Welcoming Remarks by the Minister of Foreign Affairs of the Republic of South Africa, Dr Nkosazana Dlamini Zuma at the African Union-African Diaspora Ministerial Conference, Gallagher Estate, South Africa, 16 November 2007
Honourable Chairperson, His Excellency Mr Kofi Osei-Ameyaw
President of the Republic of South Africa, Mr Thabo Mbeki
Honourable AU Commission Chairperson, Professor Oumar Konare
Honourable Foreign Ministers from Different Countries
Renowned Caribbean Pan-Africanist, Ambassador Dudley Thompson
CARICOM Assistant Secretary General, Ambassador Colin Granderson
South African Minister of Education, Ms Naledi Pandor
Goodwill Ambassador for Africa, Ms Miriam Makeba
Colleagues from the AU, the Caribbean and Latin America
Fellow Cabinet and Government Colleagues
Ladies and Gentlemen:
It gives me great pleasure to warmly welcome you all to South Africa.
We have been pleased that so many people were willing to travel so far to be here at the southernmost tip of this incredible continent!
We are deeply honoured to have in our presence a dedicated and a long-standing member of the Pan Africanist Movement and renowned Caribbean Pan-Africanist, Ambassador Dudley Thompson. Your presence here will indeed inspire us to take Pan Africanism to greater heights!
It is indeed humbling to host such an historic and distinguished gathering of the African family from various corners of the globe. A special welcome to those who have come from outside the African continent.
And of course no-one is a stranger here and this is really a homecoming since Africa occupies pride of place as the landmass where all humanity has had its origins and from where our ancestors in successive waves moved to different places and different times
This part of South Africa is also home to the Cradle of Humankind, the Sterkfontein caves, where some of the earliest hominids have been found that remain as a record of humanity’s presence on Earth.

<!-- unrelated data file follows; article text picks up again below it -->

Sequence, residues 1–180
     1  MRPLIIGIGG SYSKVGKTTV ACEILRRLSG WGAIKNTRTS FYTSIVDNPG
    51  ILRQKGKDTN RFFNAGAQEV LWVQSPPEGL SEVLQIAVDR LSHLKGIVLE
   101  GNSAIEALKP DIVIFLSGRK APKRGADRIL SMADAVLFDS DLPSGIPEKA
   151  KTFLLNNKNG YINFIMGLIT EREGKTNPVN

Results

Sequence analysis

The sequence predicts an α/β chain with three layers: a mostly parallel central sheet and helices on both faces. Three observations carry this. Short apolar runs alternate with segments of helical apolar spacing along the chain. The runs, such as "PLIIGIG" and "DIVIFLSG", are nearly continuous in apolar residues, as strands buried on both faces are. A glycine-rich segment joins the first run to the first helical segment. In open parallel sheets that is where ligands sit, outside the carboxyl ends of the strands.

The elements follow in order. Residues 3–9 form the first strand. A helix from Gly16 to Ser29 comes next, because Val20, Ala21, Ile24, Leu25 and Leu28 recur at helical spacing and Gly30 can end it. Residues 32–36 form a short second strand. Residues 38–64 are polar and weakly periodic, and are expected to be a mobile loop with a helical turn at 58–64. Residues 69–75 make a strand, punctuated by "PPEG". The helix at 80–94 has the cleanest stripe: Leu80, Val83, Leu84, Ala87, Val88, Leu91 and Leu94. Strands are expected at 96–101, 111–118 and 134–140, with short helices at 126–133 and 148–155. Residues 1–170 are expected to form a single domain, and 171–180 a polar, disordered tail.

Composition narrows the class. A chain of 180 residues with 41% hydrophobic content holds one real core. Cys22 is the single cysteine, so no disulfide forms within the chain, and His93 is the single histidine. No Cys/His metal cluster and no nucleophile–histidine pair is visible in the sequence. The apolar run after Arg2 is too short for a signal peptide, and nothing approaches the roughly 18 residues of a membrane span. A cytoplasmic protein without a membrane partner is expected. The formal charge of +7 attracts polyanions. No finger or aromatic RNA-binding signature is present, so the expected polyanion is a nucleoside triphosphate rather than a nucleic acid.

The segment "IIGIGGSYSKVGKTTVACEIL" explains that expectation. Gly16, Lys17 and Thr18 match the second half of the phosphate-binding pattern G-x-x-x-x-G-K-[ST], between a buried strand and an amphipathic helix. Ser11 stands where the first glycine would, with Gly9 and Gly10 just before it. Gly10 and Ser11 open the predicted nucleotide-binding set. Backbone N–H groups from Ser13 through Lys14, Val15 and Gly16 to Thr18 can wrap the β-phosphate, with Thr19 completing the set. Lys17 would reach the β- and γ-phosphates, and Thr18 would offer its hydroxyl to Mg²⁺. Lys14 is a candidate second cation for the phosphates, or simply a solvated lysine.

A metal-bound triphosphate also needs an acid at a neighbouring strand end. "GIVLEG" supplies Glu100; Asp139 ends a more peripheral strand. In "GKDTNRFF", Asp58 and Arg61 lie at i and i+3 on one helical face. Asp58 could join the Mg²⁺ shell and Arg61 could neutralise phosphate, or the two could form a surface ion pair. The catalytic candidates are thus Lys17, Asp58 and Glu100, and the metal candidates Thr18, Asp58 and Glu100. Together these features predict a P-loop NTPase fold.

South Africa is also home to some of the earliest rock formations that are found in Barberton not far from here.
South Africa is also home to some of the most interesting rock paintings produced by the San peoples in the caves of the Drakensberg Mountains – this is evidence of the early artworks of humankind.
South Africa’s diverse landscape is also home to a variety of wildlife and unique plants and flowers especially along the coastlands – and these are not found anywhere else in the world. Even in the coastal desert of Namaqualand, there are to be found an array of plants and species which makes it among the richest deserts on earth. Here the plants and animals live in symbiotic relations that have helped them to adapt to the extreme environment and to develop their own survival strategies
But even as we acknowledge that this is a country of breathtaking landscapes where two oceans meet and many people and cultures have mingled and coalesced, it is also a country where our people have had to overcome great injustice.
It is a country where new monuments are being built in honour of our fallen heroes and where place names for the first time are beginning to reflect histories that the apartheid government had spent decades trying to destroy.
Apartheid and segregation indeed brought about the widespread impoverishment of black people who were deprived of land, education, rights, justice – and transformation has meant that every aspect of our people’s lives has to be looked at – to bring about democracy in all spheres and deracialisation of the economy; to create a single and equal education system, to address the massive backlog in housing, education and health infrastructure as well as access to clean water and sanitation.
Certainly we are making progress, but there is a great deal that we still need to do to bring about greater access to all our people for a better quality of life.